About The Keno Project
The Keno Project is an US-based educational organization that uses cultural exchange as the impetus for improving conditions in developing communities. Through service learning programs, we teach aim to help communities meet their needs while challenging our students to experience a different way of living. While most service learning programs are run on a for-profit business model, The Keno Project has made a commitment to donate any excess funds to fuel development projects in our partner communities. We are currently in the process of incorporating in Colorado as a 501(c)3 educational non-profit.
In the Ga language, the word "keno" means "gift" or "talent". We aim to cultivate the natural talents and resources of our students and partner communities in order to fully utilize the human capital in each community. At The Keno Project, we believe that if passionate, talented people collaborate using existing resources, we can make a positive difference.
Service Learning Program
Our service learning program in Ghana gives American students an opportunity to learn about the cultural beliefs and values embedded in traditional dance and music, while also providing students daily opportunities to enhance their intercultural skills. Students will actively participate in the daily life of their host community and study traditional Ghanaian dance with the Keno Dance Company. In the spirit of reciprocity, a core value in Ghanaian society and a founding principle of the Keno Project, students will utilize their own knowledge and skills to develop and implement projects that benefit their host community.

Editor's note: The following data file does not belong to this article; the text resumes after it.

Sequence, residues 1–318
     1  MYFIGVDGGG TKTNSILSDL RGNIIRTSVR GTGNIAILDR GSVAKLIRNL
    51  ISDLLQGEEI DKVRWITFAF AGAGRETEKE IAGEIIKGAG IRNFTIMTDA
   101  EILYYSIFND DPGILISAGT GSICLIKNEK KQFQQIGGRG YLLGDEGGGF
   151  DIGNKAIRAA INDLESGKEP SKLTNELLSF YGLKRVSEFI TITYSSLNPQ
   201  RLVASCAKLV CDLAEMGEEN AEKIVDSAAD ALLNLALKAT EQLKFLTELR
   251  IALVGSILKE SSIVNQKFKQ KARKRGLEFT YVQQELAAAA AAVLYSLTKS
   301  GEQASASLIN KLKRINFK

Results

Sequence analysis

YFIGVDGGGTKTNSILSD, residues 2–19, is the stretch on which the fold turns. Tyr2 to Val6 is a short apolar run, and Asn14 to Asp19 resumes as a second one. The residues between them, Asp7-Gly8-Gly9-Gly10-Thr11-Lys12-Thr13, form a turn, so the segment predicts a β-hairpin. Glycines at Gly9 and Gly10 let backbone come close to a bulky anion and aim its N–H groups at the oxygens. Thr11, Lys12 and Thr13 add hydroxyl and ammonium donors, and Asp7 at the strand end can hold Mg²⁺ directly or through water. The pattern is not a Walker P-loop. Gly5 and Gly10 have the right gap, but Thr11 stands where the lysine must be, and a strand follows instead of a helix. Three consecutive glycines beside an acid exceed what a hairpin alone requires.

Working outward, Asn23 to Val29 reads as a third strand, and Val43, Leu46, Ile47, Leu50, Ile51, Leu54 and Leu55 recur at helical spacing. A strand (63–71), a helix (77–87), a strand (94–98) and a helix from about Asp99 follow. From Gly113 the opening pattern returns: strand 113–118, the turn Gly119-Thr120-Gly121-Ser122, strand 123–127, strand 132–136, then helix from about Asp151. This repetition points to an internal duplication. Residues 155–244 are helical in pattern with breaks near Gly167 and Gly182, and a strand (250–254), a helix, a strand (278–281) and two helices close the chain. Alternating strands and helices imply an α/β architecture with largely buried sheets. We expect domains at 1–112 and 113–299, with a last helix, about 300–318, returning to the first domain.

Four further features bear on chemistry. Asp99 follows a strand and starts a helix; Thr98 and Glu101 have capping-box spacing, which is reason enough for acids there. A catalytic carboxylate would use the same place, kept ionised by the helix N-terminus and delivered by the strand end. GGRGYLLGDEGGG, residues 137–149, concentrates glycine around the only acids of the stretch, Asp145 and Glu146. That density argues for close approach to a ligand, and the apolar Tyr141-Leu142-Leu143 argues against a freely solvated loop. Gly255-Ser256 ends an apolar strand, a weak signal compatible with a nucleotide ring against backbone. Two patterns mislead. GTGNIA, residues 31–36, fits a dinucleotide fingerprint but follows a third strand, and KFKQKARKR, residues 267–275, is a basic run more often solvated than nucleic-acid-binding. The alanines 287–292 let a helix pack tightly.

Our goal is for students to complete our programs with increased global awareness, commitment to personal growth, sense of responsibility to community, and the skills to work and live cooperatively in a diverse society.
About Our Partner Village in Ghana
We are currently focusing our efforts in Govinakrom, our partner village in Ghana’s Eastern Region. Govinakrom stands on the border between the Eastern Region and the Volta Region just north of Greater Accra. It is an Ewe village, governed on the municipal level by a chief and a group of prominent village members. The local economy is limited to a few indigenous crops, but is centered on the production of sugar cane alcohol. In order to sell their goods, citizens of Govinakrom must trek down an unpaved, narrow road into town, where they are then at the mercy of their buyers and unable to decide their own asking price. Most people in the surrounding farming communities have to walk at least thirty minutes to get to a well, where they sometimes wait in line for hours to get water. There are many orphans in the community and no real facility to help them. Due to a lack of electricity, the local school has trouble attracting teachers and often stands empty during school hours. Despite these difficulties, the people in and around Govinakrom are welcoming, open-minded, and committed to the health and harmony of their community.
Our first development goal in Govinakrom is to help fund teacher training for Govinakrom residents on the condition that they will return and teach for a period of three years at the government school in their own community.